I’d never heard of Reuben Kaye until yesterday, but the shock value of Kaye’s ‘joke’ clearly fell flat across the country. The comment was more like a drunken Uncle misbehaving at a wedding reception: unpleasant, not funny, and kind of embarrassing.
I missed the great offence as I’m not a viewer of Channel 10’s The Project. I’ve since gone back and watched the 15 seconds of stinging jocularity. Yes, it was pretty offensive and yes, it was pretty unoriginal.
I’ve grown in an Australia where snide remarks and jokes at the expense of Christians are a common pastime. A lot of the comments may lack the deliberate bite that Kaye offered, but our political representatives regularly deride Christian beliefs, and so do teachers and university lecturers, and our mates on the sporting grounds. Christians have long been easy pickings for public insult. After all, what does it cost someone to crack a joke about Jesus or the church? Nothing If anything, you’re likely to win more adulation than less.
Let’s admit, there are some Christians whose behaviour probably deserves a few words of humour.
And yet, on this occasion, it seems as though people realised that there exists a line and Reuben Kaye had crossed it. I’m sure that the same joke will garner claps and cheers in the local comedy clubs, but there was something about adding sexual innuendo to Jesus’ death on a national television program that didn’t sit well.
Are we experiencing a conflict of conscience? Australians want to mock Christianity and yet we’re also taught to respect alternate views. After all, the media steers well away from mocking certain religions, so why should targeting Christians be allowed?
I’ve gone back and watched the clip in question, and yes, Reuben Kaye’s attempt to put down Christianity yet again, fell flat. I wonder why?
Insulting Christians is as original as crucifixion and as old as the Bible. That’s the sad irony about mocking the death of Jesus. Far from standing over the Christian faith with comedic judgment, you’re simply following the crowd who were present that day and jeering Jesus as he died. It wasn’t comedy, it was spite.
Luke’s Gospel records the so-called comedic hour at the crucifixion of Jesus,
“Jesus said, “Father, forgive them, for they do not know what they are doing.”And they divided up his clothes by casting lots.
The people stood watching, and the rulers even sneered at him. They said, “He saved others; let him save himself if he is God’s Messiah, the Chosen One.”
The soldiers also came up and mocked him. They offered him wine vinegar and said, “If you are the king of the Jews, save yourself.”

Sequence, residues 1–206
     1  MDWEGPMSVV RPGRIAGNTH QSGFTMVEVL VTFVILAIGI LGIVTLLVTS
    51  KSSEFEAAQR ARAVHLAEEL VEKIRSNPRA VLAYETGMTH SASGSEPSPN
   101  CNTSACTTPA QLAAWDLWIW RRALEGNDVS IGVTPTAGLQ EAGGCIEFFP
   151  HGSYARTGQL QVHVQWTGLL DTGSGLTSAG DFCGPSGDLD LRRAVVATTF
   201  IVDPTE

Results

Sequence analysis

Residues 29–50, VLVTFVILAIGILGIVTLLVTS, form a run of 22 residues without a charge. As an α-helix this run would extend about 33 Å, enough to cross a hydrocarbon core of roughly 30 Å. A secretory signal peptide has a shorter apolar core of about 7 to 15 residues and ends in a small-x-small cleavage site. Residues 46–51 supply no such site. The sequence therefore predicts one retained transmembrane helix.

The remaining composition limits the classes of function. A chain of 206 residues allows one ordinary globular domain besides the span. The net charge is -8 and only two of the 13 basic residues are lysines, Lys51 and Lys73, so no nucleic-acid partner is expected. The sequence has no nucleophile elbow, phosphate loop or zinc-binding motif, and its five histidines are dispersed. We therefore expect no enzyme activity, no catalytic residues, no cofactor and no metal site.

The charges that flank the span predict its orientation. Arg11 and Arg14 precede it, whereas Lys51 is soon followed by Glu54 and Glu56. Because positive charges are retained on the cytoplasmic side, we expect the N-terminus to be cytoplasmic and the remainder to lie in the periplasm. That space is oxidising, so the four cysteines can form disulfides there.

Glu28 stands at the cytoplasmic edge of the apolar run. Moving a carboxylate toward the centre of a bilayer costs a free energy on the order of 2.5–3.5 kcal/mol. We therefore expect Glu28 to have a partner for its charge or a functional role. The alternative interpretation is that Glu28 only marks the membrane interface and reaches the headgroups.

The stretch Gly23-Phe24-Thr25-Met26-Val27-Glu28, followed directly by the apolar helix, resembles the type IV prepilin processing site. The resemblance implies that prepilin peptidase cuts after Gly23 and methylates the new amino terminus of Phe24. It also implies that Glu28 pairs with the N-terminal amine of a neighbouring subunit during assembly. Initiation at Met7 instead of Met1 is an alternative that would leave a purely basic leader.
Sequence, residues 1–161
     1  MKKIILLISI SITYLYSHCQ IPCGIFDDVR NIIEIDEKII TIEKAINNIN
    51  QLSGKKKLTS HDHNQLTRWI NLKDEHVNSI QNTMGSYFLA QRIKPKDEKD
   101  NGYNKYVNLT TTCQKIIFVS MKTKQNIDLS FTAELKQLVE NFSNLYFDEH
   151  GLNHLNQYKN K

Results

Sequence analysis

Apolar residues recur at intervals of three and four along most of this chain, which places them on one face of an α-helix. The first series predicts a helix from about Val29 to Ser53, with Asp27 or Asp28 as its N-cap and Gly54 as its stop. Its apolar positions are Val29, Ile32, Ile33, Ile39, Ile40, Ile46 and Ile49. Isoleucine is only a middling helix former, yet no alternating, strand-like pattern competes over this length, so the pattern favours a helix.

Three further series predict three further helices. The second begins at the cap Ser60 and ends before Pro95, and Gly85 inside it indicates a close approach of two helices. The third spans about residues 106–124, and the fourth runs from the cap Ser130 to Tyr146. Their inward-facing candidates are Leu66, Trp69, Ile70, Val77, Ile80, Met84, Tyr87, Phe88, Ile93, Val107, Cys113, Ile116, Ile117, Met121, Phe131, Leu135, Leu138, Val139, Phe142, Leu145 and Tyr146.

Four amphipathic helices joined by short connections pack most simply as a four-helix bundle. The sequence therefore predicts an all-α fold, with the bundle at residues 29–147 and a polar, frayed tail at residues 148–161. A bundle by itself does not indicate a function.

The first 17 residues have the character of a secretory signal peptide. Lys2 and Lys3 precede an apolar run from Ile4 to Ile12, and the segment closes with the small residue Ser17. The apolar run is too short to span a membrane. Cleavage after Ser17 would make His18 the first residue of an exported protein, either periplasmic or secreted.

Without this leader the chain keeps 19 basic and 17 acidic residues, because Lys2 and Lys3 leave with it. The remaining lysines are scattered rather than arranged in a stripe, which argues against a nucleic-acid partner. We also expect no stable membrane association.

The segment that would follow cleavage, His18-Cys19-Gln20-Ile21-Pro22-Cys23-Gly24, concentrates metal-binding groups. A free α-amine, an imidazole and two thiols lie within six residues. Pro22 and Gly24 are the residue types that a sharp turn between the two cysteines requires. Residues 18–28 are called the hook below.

There was a written notice above him, which read: this is the king of the jews.
One of the criminals who hung there hurled insults at him: “Aren’t you the Messiah? Save yourself and us!” But the other criminal rebuked him. “Don’t you fear God,” he said, “since you are under the same sentence? We are punished justly, for we are getting what our deeds deserve. But this man has done nothing wrong.”
Attacking the cross is little more than a pale copy of what the Romans did. The first Christian knew it was a symbol of shame and disgust. The Greek intellectuals happily pointed out how absurd it was to consider the cross as an act of Divine love and redemption. But this foolishness turned out to be the answer that the world so desperately needs.
The attempted humour was offensive but that’s par of the course. It is important for the 6 Christians who watch The Project, and for the rest of us, to respond in a manner that matches how Jesus turned insult into grace. Don’t get fired up. Don’t write angry emails to Channel 10. Avoid spitting on your iPhone as you send that tweet.
“Blessed are meek…Blessed are the merciful…Blessed are you when people insult you, persecute you and falsely say all kinds of evil against you because of me”
Love your enemies, do good to those who hate you,
The Apostle Paul writes,
“Bless those who persecute you; bless and do not curse.” (Romans 12:14)
The Project co-presenters, Waleed Aly and Sarah Harris, have since offered a public apology. While never watching The Project I often read Waleed’s opinion pieces in the newspaper. His writing is thoughtful and worth consideration. I have no reason to doubt the genuineness of their apology. Thank you. We accept.
So if anyone is thinking about protesting outside Channel 10 today, maybe give it a miss and instead take a few minutes to share with someone why this cross of jokes is in fact more remarkable than they realise.